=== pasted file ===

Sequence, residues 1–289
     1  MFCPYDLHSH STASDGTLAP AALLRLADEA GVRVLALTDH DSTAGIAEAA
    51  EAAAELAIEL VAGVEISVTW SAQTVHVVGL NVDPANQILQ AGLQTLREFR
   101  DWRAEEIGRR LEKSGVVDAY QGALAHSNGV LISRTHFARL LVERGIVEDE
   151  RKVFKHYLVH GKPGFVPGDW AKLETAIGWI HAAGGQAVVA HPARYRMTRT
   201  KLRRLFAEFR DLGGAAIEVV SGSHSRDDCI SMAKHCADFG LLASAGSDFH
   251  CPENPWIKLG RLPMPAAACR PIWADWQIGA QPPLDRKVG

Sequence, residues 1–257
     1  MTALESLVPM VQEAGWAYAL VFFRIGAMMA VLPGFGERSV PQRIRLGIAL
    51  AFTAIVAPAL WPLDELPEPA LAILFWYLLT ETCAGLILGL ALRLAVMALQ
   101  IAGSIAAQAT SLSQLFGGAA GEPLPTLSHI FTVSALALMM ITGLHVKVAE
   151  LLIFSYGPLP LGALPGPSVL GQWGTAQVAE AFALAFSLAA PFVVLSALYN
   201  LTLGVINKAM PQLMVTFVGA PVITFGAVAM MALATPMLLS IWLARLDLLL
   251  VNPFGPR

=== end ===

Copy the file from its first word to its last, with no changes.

Sequence, residues 1–289
     1  MFCPYDLHSH STASDGTLAP AALLRLADEA GVRVLALTDH DSTAGIAEAA
    51  EAAAELAIEL VAGVEISVTW SAQTVHVVGL NVDPANQILQ AGLQTLREFR
   101  DWRAEEIGRR LEKSGVVDAY QGALAHSNGV LISRTHFARL LVERGIVEDE
   151  RKVFKHYLVH GKPGFVPGDW AKLETAIGWI HAAGGQAVVA HPARYRMTRT
   201  KLRRLFAEFR DLGGAAIEVV SGSHSRDDCI SMAKHCADFG LLASAGSDFH
   251  CPENPWIKLG RLPMPAAACR PIWADWQIGA QPPLDRKVG

Sequence, residues 1–257
     1  MTALESLVPM VQEAGWAYAL VFFRIGAMMA VLPGFGERSV PQRIRLGIAL
    51  AFTAIVAPAL WPLDELPEPA LAILFWYLLT ETCAGLILGL ALRLAVMALQ
   101  IAGSIAAQAT SLSQLFGGAA GEPLPTLSHI FTVSALALMM ITGLHVKVAE
   151  LLIFSYGPLP LGALPGPSVL GQWGTAQVAE AFALAFSLAA PFVVLSALYN
   201  LTLGVINKAM PQLMVTFVGA PVITFGAVAM MALATPMLLS IWLARLDLLL
   251  VNPFGPR